The Epistles of Peter and of Jude
The Epistles of Peter and of Jude

The Epistles of Peter and of Jude

in Black's New Testament Commentary

by J. N. D. Kelly

4.59 Rank Score: 5.57 from 8 reviews, 2 featured collections, and 7 user libraries
Pages 416
Publisher Hendrickson Publishers
Published 1993
ISBN-13 9781565630345
Since its appearance nearly 35 years ago, Black's New Testament Commentary Series has been hailed by both scholars and pastors for its insightful interpretations and reliable commentary. Each book in the series includes: an insightful introduction to the important historical, literary, and theological issues; key terms and phrases from the translation highlighted in the commentary where they are discussed; explanations of special Greek or foreign terms; references to important primary and secondary literature; and a Scripture index."This is undoubtedly one of the best commentaries in the Black's New Testament series. The style is clear and the attitude positive. Furthermore, with only nine chapters upon which to comment, Canon Kelly has room for adequate discussion of problem passages. It is a commentary every theological student ought to have on his [sic] shelf."—Scottish Journal of Theology

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Phillip J. Long Phillip J. Long August 7, 2012
The Black’s Commentary series is well traveled: it was picked up by Hendrickson which sold it to Baker. Nevertheless, there are quite a few valuable volumes in the series, including this commentary by Kelly, usually associated with early church history. Kelly treats both 2 Peter and Jude in a single introduction, concluding that 2 Peter “belongs to the luxuriant crop of pseudo-Petrine literature which sprang up around the memory of the Prince of Apostles” (236). For Jude, there is simply not enough evidence for Kelly to decide for or against Jude’s authenticity. The commentary proper proceeds through the text phrase by phrase, all sources are cited in-text. Greek appears in transliteration. While Kelly is aware of some of the literature of the Second Temple Period, he writes before the massive collection from Charlesworth was published. This means that there is less reference to potential allusions to other literature and more attention to the text! [Full Review]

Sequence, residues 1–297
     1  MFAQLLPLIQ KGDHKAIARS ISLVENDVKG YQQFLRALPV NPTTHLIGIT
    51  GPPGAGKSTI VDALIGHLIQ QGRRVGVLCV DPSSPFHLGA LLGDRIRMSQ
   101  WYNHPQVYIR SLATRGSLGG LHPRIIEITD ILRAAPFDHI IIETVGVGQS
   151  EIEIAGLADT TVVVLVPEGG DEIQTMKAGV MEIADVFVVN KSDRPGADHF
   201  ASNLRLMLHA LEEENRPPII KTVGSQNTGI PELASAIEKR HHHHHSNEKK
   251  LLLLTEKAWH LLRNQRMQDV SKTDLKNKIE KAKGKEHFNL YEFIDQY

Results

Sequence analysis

Scot McKnight Scot McKnight December 18, 2009
The first time I taught 1 Peter I discovered the quality of insight (and prose) of JND Kelly's commentary on 1-2 Peter and Jude, and I still turn to this commentary every time I consult commentaries on any of these letters [Full Review]
Jim Rosscup Jim Rosscup September 20, 2008
Jim Rosscup Jim Rosscup September 20, 2008
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